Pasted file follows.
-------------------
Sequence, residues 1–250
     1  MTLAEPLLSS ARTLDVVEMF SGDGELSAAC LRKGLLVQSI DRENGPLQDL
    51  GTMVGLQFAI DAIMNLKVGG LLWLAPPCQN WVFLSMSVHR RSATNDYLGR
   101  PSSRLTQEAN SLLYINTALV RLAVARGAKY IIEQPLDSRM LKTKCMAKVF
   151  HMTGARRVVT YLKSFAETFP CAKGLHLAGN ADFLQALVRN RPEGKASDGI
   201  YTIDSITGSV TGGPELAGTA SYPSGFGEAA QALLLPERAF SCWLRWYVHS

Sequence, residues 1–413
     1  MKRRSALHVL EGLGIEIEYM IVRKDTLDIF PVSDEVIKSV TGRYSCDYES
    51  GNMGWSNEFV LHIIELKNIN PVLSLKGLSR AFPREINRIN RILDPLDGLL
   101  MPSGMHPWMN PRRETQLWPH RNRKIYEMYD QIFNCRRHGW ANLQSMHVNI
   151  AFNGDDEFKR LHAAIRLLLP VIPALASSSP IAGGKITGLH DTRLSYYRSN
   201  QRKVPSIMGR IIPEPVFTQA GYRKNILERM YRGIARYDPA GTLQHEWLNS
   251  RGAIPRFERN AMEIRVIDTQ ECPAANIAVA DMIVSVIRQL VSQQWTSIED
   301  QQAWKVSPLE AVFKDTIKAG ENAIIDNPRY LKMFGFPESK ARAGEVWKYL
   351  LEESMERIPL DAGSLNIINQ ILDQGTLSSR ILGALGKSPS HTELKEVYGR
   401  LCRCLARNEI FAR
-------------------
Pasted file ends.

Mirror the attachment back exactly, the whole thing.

Sequence, residues 1–250
     1  MTLAEPLLSS ARTLDVVEMF SGDGELSAAC LRKGLLVQSI DRENGPLQDL
    51  GTMVGLQFAI DAIMNLKVGG LLWLAPPCQN WVFLSMSVHR RSATNDYLGR
   101  PSSRLTQEAN SLLYINTALV RLAVARGAKY IIEQPLDSRM LKTKCMAKVF
   151  HMTGARRVVT YLKSFAETFP CAKGLHLAGN ADFLQALVRN RPEGKASDGI
   201  YTIDSITGSV TGGPELAGTA SYPSGFGEAA QALLLPERAF SCWLRWYVHS

Sequence, residues 1–413
     1  MKRRSALHVL EGLGIEIEYM IVRKDTLDIF PVSDEVIKSV TGRYSCDYES
    51  GNMGWSNEFV LHIIELKNIN PVLSLKGLSR AFPREINRIN RILDPLDGLL
   101  MPSGMHPWMN PRRETQLWPH RNRKIYEMYD QIFNCRRHGW ANLQSMHVNI
   151  AFNGDDEFKR LHAAIRLLLP VIPALASSSP IAGGKITGLH DTRLSYYRSN
   201  QRKVPSIMGR IIPEPVFTQA GYRKNILERM YRGIARYDPA GTLQHEWLNS
   251  RGAIPRFERN AMEIRVIDTQ ECPAANIAVA DMIVSVIRQL VSQQWTSIED
   301  QQAWKVSPLE AVFKDTIKAG ENAIIDNPRY LKMFGFPESK ARAGEVWKYL
   351  LEESMERIPL DAGSLNIINQ ILDQGTLSSR ILGALGKSPS HTELKEVYGR
   401  LCRCLARNEI FAR